a list compiled by Alex Kasman (College of Charleston)

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The Giant Claw (1957)
Fred F. Sears (director)

Known as possibly one of the worst horror movies of the 20th century, The Giant Claw tells the story of a huge bird from an anti-matter universe who terrorizes airplane pilots (but apparently, not movie audiences).

The special effects are awful. The "monster" looks like a puppet from a television show for little children. And the documentary-style narration is laughable. But, it has some redeeming qualities as well.

One of the main characters is a female mathematician who is collecting data from test flights and develops a romantic relationship with the one pilot who survived his encounter with the monster. In 1957, portraying a woman as a competent mathematician who contributes to solving the problem rather than simply being a "damsel in distress" was a rare and notable achievement. In addition, I am pleased to add that she is not portrayed as being socially awkward or anti-social as mathematicians often are.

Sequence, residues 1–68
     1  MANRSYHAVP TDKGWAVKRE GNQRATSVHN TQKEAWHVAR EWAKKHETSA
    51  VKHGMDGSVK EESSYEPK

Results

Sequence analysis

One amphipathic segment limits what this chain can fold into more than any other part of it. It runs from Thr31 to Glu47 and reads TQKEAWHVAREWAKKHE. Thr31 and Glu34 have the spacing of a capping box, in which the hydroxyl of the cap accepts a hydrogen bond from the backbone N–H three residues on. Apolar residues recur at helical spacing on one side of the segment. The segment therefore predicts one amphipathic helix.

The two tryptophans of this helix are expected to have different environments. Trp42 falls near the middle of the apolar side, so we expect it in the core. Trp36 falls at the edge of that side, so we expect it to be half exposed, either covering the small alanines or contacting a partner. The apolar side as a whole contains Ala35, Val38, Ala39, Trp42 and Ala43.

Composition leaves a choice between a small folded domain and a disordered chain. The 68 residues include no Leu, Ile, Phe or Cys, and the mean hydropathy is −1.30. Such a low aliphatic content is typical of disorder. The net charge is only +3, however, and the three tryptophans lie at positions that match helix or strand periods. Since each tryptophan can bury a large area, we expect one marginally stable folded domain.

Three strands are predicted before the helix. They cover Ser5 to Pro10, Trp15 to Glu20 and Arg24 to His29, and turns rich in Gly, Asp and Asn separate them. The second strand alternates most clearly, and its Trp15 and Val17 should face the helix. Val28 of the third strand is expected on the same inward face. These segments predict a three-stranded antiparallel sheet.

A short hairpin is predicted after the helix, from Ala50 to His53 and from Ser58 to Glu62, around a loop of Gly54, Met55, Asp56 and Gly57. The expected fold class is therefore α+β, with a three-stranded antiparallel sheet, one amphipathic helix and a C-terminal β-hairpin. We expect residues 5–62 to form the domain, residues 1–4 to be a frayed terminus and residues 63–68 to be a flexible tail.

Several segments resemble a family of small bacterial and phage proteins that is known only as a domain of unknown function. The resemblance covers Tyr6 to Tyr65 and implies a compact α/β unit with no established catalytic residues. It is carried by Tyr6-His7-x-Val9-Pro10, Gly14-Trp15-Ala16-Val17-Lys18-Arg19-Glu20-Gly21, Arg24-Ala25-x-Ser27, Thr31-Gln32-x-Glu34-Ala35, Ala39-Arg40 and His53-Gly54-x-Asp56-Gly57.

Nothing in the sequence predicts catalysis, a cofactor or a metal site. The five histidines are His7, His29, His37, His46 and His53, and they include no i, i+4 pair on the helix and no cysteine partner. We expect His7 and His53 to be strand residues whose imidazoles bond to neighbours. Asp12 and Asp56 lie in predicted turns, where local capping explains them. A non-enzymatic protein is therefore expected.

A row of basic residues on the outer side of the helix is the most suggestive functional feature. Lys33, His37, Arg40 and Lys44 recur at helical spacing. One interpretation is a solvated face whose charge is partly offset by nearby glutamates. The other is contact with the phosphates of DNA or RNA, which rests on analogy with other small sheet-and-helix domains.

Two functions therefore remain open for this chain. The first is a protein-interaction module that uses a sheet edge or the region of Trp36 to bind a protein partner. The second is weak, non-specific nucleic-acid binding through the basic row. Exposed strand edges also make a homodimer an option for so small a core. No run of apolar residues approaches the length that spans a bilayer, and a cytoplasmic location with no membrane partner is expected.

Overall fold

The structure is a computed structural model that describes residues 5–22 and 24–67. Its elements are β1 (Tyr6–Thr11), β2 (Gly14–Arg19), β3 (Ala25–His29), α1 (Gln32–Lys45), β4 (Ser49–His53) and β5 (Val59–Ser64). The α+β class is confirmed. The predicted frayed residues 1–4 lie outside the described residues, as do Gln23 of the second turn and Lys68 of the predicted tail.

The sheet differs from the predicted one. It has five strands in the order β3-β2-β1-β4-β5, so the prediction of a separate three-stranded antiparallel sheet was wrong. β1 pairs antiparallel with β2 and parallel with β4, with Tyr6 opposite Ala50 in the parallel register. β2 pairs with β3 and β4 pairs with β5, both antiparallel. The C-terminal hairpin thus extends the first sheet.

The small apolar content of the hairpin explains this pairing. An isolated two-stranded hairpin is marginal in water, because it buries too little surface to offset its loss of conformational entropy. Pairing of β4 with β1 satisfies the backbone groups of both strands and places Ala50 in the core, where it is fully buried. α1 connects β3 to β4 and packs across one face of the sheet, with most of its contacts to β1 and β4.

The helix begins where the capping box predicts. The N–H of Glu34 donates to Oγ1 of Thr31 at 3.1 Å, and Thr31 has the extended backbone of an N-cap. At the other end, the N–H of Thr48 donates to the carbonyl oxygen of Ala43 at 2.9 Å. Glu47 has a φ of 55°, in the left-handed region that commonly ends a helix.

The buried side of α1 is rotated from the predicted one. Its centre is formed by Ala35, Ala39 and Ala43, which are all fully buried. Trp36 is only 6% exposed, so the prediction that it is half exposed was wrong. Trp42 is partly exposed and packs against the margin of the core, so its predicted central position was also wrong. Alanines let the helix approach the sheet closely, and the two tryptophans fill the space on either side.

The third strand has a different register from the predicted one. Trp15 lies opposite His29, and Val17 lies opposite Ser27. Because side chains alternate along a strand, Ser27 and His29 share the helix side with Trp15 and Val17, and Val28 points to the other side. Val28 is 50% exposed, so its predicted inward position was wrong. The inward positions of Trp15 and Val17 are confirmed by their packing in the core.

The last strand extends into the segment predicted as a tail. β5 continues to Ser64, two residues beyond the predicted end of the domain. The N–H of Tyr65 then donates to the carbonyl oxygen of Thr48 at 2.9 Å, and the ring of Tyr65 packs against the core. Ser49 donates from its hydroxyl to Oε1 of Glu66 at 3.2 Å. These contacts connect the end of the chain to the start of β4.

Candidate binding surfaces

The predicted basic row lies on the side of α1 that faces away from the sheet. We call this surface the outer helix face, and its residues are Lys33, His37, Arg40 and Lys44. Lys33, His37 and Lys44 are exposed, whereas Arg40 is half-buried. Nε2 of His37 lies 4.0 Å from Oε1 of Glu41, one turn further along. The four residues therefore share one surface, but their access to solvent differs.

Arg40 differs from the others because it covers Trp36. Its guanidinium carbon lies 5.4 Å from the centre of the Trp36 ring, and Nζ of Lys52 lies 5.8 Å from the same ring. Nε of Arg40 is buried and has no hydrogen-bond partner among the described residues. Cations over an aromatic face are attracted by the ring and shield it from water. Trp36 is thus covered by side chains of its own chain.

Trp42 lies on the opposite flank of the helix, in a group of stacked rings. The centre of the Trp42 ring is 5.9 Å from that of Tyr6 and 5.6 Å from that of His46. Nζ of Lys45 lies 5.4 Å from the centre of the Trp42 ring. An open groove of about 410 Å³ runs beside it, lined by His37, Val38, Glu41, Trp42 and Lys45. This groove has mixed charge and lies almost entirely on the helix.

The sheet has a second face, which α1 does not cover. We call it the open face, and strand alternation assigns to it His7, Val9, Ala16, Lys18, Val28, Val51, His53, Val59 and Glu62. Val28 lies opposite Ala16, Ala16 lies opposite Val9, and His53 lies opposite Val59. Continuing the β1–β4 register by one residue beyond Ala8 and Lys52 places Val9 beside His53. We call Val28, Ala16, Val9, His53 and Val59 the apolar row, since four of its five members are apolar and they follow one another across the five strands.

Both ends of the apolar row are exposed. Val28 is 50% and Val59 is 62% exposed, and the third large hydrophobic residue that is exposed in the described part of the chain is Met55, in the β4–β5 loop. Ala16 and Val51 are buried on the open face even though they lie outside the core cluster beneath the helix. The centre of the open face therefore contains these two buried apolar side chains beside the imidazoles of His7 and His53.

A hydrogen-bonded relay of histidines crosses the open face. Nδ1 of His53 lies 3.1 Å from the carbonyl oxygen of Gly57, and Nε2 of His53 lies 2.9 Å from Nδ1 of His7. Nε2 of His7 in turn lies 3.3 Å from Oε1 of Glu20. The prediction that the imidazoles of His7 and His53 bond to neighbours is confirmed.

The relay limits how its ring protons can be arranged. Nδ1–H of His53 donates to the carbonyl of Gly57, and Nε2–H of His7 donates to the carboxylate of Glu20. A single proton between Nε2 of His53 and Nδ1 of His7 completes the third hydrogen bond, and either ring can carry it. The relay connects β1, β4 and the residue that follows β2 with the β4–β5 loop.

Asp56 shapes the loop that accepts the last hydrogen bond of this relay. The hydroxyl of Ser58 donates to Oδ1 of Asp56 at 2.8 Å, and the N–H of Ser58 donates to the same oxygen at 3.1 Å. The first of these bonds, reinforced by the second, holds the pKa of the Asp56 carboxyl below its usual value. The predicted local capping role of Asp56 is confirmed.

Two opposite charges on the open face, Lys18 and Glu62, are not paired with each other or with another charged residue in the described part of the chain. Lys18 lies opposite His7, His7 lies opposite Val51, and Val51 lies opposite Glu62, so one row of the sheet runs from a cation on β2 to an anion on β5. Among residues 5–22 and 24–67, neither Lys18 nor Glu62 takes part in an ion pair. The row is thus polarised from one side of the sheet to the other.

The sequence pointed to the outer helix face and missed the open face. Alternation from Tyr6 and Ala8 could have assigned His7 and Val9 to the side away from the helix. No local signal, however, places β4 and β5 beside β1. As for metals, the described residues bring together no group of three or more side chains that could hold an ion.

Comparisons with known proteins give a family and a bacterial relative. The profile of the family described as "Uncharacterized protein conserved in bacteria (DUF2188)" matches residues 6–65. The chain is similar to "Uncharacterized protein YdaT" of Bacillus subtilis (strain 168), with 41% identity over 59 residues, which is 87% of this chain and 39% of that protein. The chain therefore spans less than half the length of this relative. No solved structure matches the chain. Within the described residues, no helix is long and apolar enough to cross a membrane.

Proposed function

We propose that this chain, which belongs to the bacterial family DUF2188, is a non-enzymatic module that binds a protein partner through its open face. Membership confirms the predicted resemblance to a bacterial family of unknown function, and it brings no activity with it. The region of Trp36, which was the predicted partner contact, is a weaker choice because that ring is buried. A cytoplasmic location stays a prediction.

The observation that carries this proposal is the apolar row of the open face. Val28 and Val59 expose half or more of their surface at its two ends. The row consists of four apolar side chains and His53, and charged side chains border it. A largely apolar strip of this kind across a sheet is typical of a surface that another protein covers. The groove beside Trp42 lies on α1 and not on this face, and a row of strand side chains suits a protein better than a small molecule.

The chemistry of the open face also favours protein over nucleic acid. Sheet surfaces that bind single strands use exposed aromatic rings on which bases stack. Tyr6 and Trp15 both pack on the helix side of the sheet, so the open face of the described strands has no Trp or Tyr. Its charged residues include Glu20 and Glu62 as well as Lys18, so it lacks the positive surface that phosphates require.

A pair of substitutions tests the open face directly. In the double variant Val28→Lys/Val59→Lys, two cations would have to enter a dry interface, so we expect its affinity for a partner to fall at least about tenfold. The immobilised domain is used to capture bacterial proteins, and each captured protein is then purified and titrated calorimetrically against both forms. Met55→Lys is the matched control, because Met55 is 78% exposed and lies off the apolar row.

Visitors to this website may also be interested in the fact that the writers clearly knew something about anti-matter and correctly used the mathematical term "symmetry" when a scientist character is explaining it to the others. However, the way that this bit of physics supposedly fits into the movie makes no sense sense to me. (The bird is made of matter but is surrounded by a field of anti-matter which shields it from radar and opens up when it wants to eat or grab something?)

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Works Similar to The Giant Claw
According to my `secret formula', the following works of mathematical fiction are similar to this one:
  1. Phase IV by Mayo Simon (writer) / Saul Bass (director)
  2. The Anomaly [L'Anomalie] by Hervé Le Tellier
  3. Solid Geometry by Ian McEwan
  4. It was the Monster from the Fourth Dimension by Al Feldstein
  5. Yesternight by Cat Winters
  6. The Ghosts by Lord Dunsany
  7. Unknown Things by Reginald Bretnor
  8. Special Meal by Josh Malerman
  9. The Judge's House by Bram Stoker
  10. The Object by Alex Kasman
Ratings for The Giant Claw:
RatingsHave you seen/read this work of mathematical fiction? Then click here to enter your own votes on its mathematical content and literary quality or send me comments to post on this Webpage.
Mathematical Content:
1/5 (1 votes)
Literary Quality:
1/5 (1 votes)

MotifFemale Mathematicians, Romance,

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Exciting News: The 1,600th entry was recently added to this database of mathematical fiction! Also, for those of you interested in non-fictional math books let me (shamelessly) plug the recent release of the second edition of my soliton theory textbook.

(Maintained by Alex Kasman, College of Charleston)